The above preview is unformatted text

This student written piece of work is one of many that can be found in our GCSE Germany 1918-1939 section.

Found what you're looking for?

  • Start learning 29% faster today
  • 150,000+ documents available
  • Just £6.99 a month

Not the one? Search for your essay title...
  • Join over 1.2 million students every month
  • Accelerate your learning by 29%
  • Unlimited access from just £6.99 per month

See related essaysSee related essays

Related GCSE Germany 1918-1939 essays

  1. What was it like to live in Nazi Germany? How did life change for ...

    Hitler summed up the woman's role in life when he said that woman should stick to the three 'k's; 'Kinde, Kirche' and 'Kuche.' (Children, church and cooking.) Therefore, life for a woman in Nazi Germany became more restricted and they were even forbidden from having modern fashions that the rest

  2. Between 1933 and 1945 Hitler and the Nazi Part were successful in their creation ...

    For example if source 2 was a part of a speech delivered to an audience its content maybe different to a part of a persons conversation with a friend Source 5 is another source that only talks in terms of the Nazi ideal of womanhood, rather than the reality.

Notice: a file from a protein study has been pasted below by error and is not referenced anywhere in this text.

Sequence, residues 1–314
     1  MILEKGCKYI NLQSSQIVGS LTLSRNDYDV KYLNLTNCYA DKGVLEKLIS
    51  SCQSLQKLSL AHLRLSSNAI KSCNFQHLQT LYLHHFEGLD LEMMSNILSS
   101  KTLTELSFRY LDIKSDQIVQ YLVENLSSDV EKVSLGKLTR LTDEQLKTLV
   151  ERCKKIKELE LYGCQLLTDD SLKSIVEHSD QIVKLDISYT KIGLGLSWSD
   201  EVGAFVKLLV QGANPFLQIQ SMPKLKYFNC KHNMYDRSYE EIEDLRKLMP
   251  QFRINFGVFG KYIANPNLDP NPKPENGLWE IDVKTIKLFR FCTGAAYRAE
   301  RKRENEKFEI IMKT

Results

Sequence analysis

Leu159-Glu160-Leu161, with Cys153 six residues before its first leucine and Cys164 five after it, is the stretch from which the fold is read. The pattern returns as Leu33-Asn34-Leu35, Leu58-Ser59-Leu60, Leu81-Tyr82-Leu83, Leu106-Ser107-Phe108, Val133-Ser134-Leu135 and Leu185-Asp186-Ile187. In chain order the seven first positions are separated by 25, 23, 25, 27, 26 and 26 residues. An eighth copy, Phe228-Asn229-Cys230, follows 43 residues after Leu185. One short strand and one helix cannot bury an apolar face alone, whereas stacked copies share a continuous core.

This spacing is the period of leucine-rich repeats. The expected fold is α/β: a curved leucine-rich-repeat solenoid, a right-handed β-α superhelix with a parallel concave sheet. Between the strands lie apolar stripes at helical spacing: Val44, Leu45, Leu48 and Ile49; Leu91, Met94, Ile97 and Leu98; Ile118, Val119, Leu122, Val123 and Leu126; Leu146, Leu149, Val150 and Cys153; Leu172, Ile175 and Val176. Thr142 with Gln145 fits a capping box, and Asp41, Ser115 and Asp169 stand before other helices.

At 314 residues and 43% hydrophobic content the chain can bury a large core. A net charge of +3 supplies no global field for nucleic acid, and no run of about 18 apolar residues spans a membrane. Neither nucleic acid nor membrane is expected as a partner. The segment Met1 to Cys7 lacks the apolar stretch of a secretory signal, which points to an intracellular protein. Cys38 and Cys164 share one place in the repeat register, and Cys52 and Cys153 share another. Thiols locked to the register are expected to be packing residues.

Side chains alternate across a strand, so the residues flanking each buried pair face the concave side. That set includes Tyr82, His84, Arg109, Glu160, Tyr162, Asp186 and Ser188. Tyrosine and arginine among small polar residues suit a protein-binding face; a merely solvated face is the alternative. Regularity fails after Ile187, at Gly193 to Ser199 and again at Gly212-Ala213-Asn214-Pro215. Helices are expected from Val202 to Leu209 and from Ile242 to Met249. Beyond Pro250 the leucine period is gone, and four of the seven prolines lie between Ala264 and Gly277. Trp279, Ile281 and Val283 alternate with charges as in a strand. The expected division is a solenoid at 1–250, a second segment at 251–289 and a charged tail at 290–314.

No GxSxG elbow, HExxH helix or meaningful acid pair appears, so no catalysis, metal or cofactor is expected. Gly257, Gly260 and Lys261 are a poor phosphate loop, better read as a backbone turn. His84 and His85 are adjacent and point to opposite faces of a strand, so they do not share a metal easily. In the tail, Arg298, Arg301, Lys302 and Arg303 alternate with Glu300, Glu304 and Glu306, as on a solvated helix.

1. Why Did Kristallnacht Take Place? (a) A ...

    The Russian's were obviously anti- Nazi at this point, as they were communist, and were completely opposed to Fascism. They had obviously read 'Mein Kamf' (written by Hitler, and describing all of his views and agendas). Although this was launched by the soviet government in Russia- and was only what

  2. adolf hitler

    However, the national government in Berlin were concerned and passed a "Law for the Protection of the Republic". Hitler's response was to organize a rally attended by 40,000 people. At the meeting Hitler called for the overthrow of the German government and even suggested that its leaders should be executed.

  1. Why and how did antisemitism play such an important part in Nazi ideology?